Microsoft Studios Inc. and Epic Games Inc. have been unlawfully using a former pro wrestler's voice and likeness for a popular avatar in the “Gears of War” video game franchise, according to a trademark suit filed Wednesday in Pennsylvania federal court.

  • January 11, 2017

    Coach Tells 9th Circ. NCAA's No-Felon Rule Is Illegal Bias

    A youth basketball coach with a drug conviction urged the Ninth Circuit on Wednesday to revive his suit alleging the NCAA's rule barring felons from coaching in NCAA-sanctioned tournaments violates the Civil Rights Act, arguing the rule's disproportionate impact on African-Americans is illegal, regardless of the NCAA's intent.

  • January 11, 2017

    Sports Agent Wants Taxes Kept Out Of Smuggling Trial

    A sports agent who allegedly participated in a $16 million scheme to smuggle Cuban baseball players asked a Florida federal court Wednesday to exclude evidence he filed his income taxes late for several years, claiming it is irrelevant to the charges against him.

  • January 11, 2017

    NY, SC Lawmakers Lob Measures To Legalize Sports Betting

    Lawmakers this week in New York and South Carolina have proposed amending their state constitutions to allow sports gambling.

  • January 11, 2017

    Man Who Forged Mets Exec Signature Gets 4 Years For Fraud

    A New Jersey man who forged the signature of New York Mets Chief Operating Officer Jeffrey Wilpon in a business financing fraud was sentenced in Brooklyn federal court Wednesday to 48 months in prison along with more than $4.7 million in restitution.

Expert Analysis

  • Mediating E-Discovery Disputes Can Save Time And Money

    Daniel Garrie

    A primary driver of increasing litigation costs is the explosion of electronic discovery in recent years. Electronic data is not only increasing dramatically in volume, it is also growing in complexity. One way parties can save time and money is to use a neutral, technically skilled mediator, to ensure that e-discovery is both robust and cost-effective, says Daniel Garrie of JAMS.

  • Top 12 Mississippi Gaming Stories Of 2016

    Tommy Shepherd

    Tommy Shepherd of Jones Walker LLP discusses recent developments in the Mississippi gaming industry, which will celebrate its 25th anniversary in 2017.

  • How To Mediate High-Limit Disability Insurance

    Adrienne Publicover

    Due to the high stakes involved, litigation often follows when high limit disability policy claims are denied. However, with proper planning and preparation, mediation can help parties successfully resolve their disputes, says Adrienne Publicover of JAMS.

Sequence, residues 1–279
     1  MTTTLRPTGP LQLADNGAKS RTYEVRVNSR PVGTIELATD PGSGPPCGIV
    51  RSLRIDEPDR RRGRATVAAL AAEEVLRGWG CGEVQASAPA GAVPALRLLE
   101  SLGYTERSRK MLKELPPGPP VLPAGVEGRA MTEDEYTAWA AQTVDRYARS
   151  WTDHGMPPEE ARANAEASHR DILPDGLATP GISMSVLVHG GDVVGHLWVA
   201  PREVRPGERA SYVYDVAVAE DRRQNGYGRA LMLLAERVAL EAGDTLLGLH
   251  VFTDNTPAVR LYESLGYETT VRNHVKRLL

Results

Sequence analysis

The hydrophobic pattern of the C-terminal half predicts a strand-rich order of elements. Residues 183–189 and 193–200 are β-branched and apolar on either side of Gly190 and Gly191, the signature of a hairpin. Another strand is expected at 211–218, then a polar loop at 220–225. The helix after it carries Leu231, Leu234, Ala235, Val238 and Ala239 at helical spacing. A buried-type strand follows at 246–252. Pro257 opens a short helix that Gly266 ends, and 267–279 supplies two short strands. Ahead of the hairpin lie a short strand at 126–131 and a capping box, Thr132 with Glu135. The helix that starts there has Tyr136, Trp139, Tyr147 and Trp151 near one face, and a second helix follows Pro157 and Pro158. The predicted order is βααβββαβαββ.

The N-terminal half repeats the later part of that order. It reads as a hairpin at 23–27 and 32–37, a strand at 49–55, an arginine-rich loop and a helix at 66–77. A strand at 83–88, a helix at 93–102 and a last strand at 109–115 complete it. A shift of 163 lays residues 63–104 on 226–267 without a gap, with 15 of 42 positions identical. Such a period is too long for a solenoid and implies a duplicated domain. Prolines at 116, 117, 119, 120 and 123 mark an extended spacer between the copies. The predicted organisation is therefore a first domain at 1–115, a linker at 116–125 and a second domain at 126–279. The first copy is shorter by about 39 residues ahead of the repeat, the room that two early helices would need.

• Reigniting The Debate Over Student-Athletes As Employees

    Shar Bahmani

    The 2017 College Football Bowl season has begun. However, the battle on the gridiron is not the only struggle college student-athletes currently face, as a recent memorandum from the National Labor Relations Board appears to have resparked the debate over whether student-athletes are “employees” under the National Labor Relations Act, says Shar Bahmani of Squire Patton Boggs.

  • Building Momentum For The Pay Equity Movement In BigLaw

    Stephanie A. Scharf

    A decade’s worth of multiple bar association initiatives, conferences, corporate law summits, detailed research reports and opinion pieces on the pay gap has seemingly fallen on the deaf ears of BigLaw. However, recent events presage substantial movement toward pay equity in law firms, say Stephanie Scharf of Scharf Banks Marmor LLC, Michele Coleman Mayes, general counsel for the New York Public Library, and Wendi Lazar of Outten & Golden LLP.

  • Are You Prepared For A 'Post-Fact' Jury?

    Ross Laguzza

    The media has been full of stories lately about the death of facts and the rise of “fake news.” It is reasonable to wonder if people sitting on juries will be able to function appropriately in this post-fact world, says Ross Laguzza of R&D Strategic Solutions LLC.

  • Keeping Pro Se Litigants At Bay

    Michael Walden

    Pro se litigation can be a time-consuming cost of doing business, particularly for large, well-known companies. Though pro se cases occasionally include interesting, even amusing, claims, like all litigation, they must be taken seriously. In this article, attorneys from Shook Hardy & Bacon LLP detail several practical approaches to dealing with the problems posed by pro se litigants.

  • Are Courts In The Discovery Driver’s Seat?

    Cristin K. Traylor

    I recently asked a panel of four federal court judges whether they expect courts to start taking a more active role in e-discovery. They answered with a resounding yes. However, their responses left me wondering whether courts are actually taking a more active role in discovery since the Federal Rules of Civil Procedure amendments took effect in December 2015, says Cristin Traylor of McGuireWoods LLP.

  • How Bad Data Analyses Can Sabotage Discrimination Cases

    Mike Nguyen

    Used properly, statistics can be highly effective in supporting legal arguments, but misinterpreted statistics can quickly sink cases. It is especially critical to understand the benefits and limitations of using data in discrimination cases, says Mike Nguyen of Analysis Group Inc.

  • OPINION: 1,166 Pieces Of Evidence And No Due Process

    Ron Katz

    Think of how the press would report a trial in a dictatorial country where 1,166 pieces of evidence were submitted for the prosecution and none for the defense. There is a phrase for that: "show trial." That phrase is particularly apt regarding the World Anti-Doping Agency's McLaren Report, says Ronald S. Katz, senior counsel at Manatt Phelps and Phillips LLP and chair emeritus of the Institute of Sports Law and Ethics at Universit... (continued)